There is an interesting example from around the world: At Columbia University in New York, students can not only design their own educational program, but also choose how they want to participate in class: in person, via Zoom or by watching lecture recordings at their leisure.

The digitization of the university campus is not only taking place in terms of equipment, but also through the creation of “intelligent” public spaces that can easily be converted into a lecture hall, a seminar or self-study room or a laboratory. For example, MISiS is developing a project to upgrade libraries to co-working spaces and create multimedia classrooms.

microlearning

Universities are starting to introduce micro-courses that last from a few minutes to a few days. Each of them helps to learn a specific skill, to learn how to solve a specific work task. Therefore, formats such as open mass online courses (lectures often last 7-12 minutes), TED (it is an informal monologue on a scientific topic, usually up to 18 minutes) are gaining popularity in higher education.

Micro-education does not replace the usual university way of life, but expands its possibilities, provided that the students already have basic professional knowledge. Leading universities such as Massachusetts Institute of Technology, Columbia University and the companies Volvo, IBM and Adobe are turning to microeducation. With the help of such courses, extensive skills are gradually formed.

MIT was the first to introduce what is known as the micromaster’s degree program – a series of micro-courses leading to the training of a specific skill that can be credited by the university as part of the course taken on campus.

Micropedagogy for individual modules or subjects is being introduced at Russian universities. Students can watch the video at any time, are focused and immediately get the result: the answer to the question, the skill, the solved problem.

Augmented Reality Technologies

Technologies that help students develop practical skills in augmented reality are appearing on the walls of global and Russian universities. For example, the University of San Diego uses simulators in their medical education, where students can see a patient in augmented reality and diagnose symptoms of illness. Sechenov Medical University uses augmented reality to perform surgeries.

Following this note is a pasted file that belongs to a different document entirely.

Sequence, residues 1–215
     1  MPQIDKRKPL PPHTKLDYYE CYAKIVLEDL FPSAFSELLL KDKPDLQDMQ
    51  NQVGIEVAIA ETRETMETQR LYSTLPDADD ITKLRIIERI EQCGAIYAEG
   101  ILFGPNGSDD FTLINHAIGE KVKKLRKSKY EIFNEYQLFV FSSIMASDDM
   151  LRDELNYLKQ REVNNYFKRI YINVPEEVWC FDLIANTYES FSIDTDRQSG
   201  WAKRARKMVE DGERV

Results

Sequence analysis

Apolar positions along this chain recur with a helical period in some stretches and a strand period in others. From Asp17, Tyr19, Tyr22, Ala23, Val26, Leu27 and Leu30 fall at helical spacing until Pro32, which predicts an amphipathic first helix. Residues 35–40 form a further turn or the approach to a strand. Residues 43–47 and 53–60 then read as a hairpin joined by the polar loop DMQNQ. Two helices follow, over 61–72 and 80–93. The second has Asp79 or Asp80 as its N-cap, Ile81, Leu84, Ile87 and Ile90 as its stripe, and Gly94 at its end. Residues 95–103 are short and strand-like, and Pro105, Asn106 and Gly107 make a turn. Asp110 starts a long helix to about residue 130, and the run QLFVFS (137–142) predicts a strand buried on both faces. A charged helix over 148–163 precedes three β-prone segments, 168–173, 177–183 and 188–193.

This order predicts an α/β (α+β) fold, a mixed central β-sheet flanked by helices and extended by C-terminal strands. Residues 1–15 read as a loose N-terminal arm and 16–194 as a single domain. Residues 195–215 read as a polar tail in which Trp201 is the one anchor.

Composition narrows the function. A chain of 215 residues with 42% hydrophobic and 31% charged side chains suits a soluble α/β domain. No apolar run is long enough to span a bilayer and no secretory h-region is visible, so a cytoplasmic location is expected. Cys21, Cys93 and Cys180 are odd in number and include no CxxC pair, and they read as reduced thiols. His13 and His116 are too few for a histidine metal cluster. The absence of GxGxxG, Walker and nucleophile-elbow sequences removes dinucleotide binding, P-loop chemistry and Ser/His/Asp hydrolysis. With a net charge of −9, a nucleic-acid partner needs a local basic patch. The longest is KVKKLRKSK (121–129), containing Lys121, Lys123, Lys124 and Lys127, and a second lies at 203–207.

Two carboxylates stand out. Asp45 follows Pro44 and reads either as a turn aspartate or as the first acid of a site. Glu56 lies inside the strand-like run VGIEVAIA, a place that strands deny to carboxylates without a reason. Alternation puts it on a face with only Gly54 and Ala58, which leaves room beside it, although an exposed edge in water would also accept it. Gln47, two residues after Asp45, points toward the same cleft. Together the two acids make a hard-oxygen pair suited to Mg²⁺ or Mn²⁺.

Hasson University has developed the AR StageCraft program for artists and decorators to design paintings and backdrops in university spaces. Westminster University uses the REVRLaw project to study criminal law. In the simulation, the student sees a crime scene and conducts criminological research.

At Columbia University, a hybrid environment is being integrated into virtual reality. People from different parts of the world can virtually gather in a classroom with the help of glasses and listen to a lecture.

In Russian universities, VR technologies are used to conduct laboratory experiments, visit theaters and museums virtually, create three-dimensional models, and practice various types of skills.

So the pandemic has accelerated the movement towards digitization that started a long time ago and is progressing at a rather quiet pace. The new reality has had a surprisingly good impact on students’ educational outcomes: technology is now helping them build truly relevant and applicable skills for the future workplace. Universities are evolving in this direction, and their main task now is to design a new educational didactics in which traditional and new forms of learning coexist harmoniously and complement each other.